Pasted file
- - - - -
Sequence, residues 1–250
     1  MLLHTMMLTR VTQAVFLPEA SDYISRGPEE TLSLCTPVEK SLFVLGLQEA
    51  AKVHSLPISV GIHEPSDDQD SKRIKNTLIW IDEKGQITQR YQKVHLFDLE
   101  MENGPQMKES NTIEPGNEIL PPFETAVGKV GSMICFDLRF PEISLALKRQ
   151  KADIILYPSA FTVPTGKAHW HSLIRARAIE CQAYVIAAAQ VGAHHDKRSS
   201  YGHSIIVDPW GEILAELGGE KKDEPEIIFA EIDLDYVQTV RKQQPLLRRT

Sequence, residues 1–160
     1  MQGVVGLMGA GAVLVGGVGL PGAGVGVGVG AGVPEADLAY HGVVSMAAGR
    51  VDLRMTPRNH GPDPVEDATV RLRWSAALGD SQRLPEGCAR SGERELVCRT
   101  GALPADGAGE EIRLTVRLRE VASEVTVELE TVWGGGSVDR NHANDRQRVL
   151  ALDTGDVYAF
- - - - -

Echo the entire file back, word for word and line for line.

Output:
Sequence, residues 1–250
     1  MLLHTMMLTR VTQAVFLPEA SDYISRGPEE TLSLCTPVEK SLFVLGLQEA
    51  AKVHSLPISV GIHEPSDDQD SKRIKNTLIW IDEKGQITQR YQKVHLFDLE
   101  MENGPQMKES NTIEPGNEIL PPFETAVGKV GSMICFDLRF PEISLALKRQ
   151  KADIILYPSA FTVPTGKAHW HSLIRARAIE CQAYVIAAAQ VGAHHDKRSS
   201  YGHSIIVDPW GEILAELGGE KKDEPEIIFA EIDLDYVQTV RKQQPLLRRT

Sequence, residues 1–160
     1  MQGVVGLMGA GAVLVGGVGL PGAGVGVGVG AGVPEADLAY HGVVSMAAGR
    51  VDLRMTPRNH GPDPVEDATV RLRWSAALGD SQRLPEGCAR SGERELVCRT
   101  GALPADGAGE EIRLTVRLRE VASEVTVELE TVWGGGSVDR NHANDRQRVL
   151  ALDTGDVYAF